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RESEARCH ARTICLE

The Body Image Virtual Reality Assessment (BIVRA): Measuring the body representation through virtual reality

Giulia Brizzi

Giulia Brizzi

Applied Technology for Neuro-Psychology Laboratory, IRCCS Istituto Auxologico Italiano, Milan, Italy

Contribution: Conceptualization, Methodology, Software, Data curation, Formal analysis, Writing - original draft, Visualization

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Giuseppe Riva

Giuseppe Riva

Applied Technology for Neuro-Psychology Laboratory, IRCCS Istituto Auxologico Italiano, Milan, Italy

Humane Technology Laboratory, Catholic University of Sacred Heart, Milan, Italy

Contribution: Writing - review & editing, Supervision

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Daniele Romano

Corresponding Author

Daniele Romano

Department of Psychology and MIBTEC: Mind and Behavior Technological Center, University of Milano-Bicocca, Milan, Italy

Correspondence

Daniele Romao, Piazza Ateneo Nuovo, 1, 20126 Milan, Italy.

Email: [email protected]

Contribution: Conceptualization, Methodology, Formal analysis, Supervision, Writing - review & editing

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First published: 04 April 2024

Abstract

Our physical and psychological well-being is significantly influenced by how we perceive our body, in addition to our thoughts and emotions associated with it. Dysfunctional body perceptions and attitudes play a key role in the development and maintenance of severe conditions such as eating disorders in both males and females. Given its relevance, some attempts have been made to improve body image assessment methods in terms of perceptual accuracy and body satisfaction taking advantage of technological advances such as virtual reality. However, existing applications have mainly focused on women and clinical conditions. In this study, we presented the Body Image Virtual Reality Assessment (BIVRA), a virtual reality figure rating scale to assess body image in both male and female subjects. We tested BIVRA's ability to measure perceptual accuracy and compared its results with a standardized body satisfaction questionnaire. Additionally, we investigated gender differences. BIVRA was found to be effective in assessing body image. We observed that a perceptually based task successfully captured both low and high levels of body representations, shedding light on the significant gender differences. The association between BIVRA and the body satisfaction questionnaires was moderated by gender, with a stronger association for women. While further validation of BIVRA is needed to fully exploit its potential, our results suggest that the integration of virtual reality into the assessment of body image and related disorders may significantly enhance our understanding of individuals struggling with body image issues and has the potential to advance current methods and techniques.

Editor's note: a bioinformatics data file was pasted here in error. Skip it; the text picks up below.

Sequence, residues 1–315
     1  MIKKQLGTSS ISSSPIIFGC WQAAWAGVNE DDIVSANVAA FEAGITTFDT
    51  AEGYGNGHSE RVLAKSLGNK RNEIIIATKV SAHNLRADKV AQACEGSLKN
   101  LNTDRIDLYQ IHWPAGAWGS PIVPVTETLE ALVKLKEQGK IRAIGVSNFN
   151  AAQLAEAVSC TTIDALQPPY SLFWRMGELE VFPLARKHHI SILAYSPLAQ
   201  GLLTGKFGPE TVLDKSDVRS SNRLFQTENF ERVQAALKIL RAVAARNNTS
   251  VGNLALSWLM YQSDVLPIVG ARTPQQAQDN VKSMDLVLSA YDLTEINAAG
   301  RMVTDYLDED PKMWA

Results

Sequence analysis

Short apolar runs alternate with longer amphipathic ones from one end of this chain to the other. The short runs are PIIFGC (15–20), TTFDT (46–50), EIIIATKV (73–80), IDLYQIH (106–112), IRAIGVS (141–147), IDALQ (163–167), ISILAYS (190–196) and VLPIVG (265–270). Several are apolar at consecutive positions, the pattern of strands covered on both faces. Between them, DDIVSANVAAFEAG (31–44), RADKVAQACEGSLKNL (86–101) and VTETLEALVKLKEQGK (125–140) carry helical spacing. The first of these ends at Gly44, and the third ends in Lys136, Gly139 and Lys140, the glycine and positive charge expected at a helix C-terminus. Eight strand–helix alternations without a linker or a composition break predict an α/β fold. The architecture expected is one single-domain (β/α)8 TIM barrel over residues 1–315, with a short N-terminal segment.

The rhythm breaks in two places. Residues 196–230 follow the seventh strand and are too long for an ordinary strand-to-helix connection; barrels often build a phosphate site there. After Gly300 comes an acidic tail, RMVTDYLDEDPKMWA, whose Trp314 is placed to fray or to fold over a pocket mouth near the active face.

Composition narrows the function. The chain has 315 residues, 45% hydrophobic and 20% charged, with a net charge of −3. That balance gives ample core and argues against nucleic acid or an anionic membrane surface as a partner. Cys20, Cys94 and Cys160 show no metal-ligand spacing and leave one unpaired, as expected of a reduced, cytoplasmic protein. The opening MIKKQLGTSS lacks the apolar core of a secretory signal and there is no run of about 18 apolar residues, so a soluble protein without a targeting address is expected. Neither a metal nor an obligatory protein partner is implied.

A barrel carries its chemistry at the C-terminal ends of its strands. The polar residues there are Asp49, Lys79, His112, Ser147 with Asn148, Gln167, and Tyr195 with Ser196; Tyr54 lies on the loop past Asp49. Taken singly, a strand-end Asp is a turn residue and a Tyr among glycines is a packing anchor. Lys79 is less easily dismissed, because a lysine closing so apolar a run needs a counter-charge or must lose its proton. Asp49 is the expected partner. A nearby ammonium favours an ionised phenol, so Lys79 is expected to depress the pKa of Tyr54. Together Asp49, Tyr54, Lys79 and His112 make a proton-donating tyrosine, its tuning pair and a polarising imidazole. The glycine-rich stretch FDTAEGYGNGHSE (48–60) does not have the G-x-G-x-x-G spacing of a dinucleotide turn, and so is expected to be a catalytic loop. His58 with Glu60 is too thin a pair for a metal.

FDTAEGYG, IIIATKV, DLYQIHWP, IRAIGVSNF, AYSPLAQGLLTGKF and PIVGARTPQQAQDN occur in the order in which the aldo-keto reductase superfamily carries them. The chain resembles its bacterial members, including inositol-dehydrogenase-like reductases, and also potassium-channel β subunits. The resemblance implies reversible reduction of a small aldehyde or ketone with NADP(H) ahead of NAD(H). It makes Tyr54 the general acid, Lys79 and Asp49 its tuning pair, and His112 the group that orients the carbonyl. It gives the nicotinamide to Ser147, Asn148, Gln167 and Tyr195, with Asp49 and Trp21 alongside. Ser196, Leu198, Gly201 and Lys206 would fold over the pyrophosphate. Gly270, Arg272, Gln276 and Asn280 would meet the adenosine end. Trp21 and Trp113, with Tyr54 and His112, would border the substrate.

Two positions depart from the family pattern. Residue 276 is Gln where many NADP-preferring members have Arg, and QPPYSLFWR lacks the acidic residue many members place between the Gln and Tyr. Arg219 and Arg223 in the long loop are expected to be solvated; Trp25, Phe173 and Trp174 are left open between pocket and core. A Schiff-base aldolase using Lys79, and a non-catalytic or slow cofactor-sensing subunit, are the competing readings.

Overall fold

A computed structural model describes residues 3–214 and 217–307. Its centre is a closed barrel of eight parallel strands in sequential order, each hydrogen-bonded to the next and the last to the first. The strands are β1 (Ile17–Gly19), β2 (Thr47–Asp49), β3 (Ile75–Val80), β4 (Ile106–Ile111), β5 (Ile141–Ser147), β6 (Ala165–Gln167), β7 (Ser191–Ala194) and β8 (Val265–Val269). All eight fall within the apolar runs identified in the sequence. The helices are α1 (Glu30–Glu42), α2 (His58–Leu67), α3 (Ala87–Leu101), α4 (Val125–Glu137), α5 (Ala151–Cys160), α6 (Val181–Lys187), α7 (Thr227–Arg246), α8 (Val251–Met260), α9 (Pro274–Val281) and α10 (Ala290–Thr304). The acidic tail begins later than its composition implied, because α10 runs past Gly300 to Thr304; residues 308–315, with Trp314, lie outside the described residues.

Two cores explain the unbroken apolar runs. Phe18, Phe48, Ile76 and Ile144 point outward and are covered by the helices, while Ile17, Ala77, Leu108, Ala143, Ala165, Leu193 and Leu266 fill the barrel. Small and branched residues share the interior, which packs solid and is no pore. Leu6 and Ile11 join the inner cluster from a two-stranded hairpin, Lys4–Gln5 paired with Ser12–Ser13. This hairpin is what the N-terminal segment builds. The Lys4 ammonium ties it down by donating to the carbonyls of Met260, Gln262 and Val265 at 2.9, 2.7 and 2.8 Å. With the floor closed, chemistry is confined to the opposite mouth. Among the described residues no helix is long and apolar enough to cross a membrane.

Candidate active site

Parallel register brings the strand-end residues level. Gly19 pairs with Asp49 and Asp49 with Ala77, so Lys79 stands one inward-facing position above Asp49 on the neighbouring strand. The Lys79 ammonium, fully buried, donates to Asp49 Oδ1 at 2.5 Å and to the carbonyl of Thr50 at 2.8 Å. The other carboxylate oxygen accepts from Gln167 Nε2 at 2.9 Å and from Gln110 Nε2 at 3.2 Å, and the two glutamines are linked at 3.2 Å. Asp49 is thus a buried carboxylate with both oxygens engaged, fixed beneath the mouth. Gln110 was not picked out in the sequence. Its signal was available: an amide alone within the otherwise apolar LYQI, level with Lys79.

CONFLICT OF INTEREST STATEMENT

None.

DATA AVAILABILITY STATEMENT

The data that support the findings of this study are available on request from the corresponding author. The data are not publicly available due to privacy or ethical restrictions.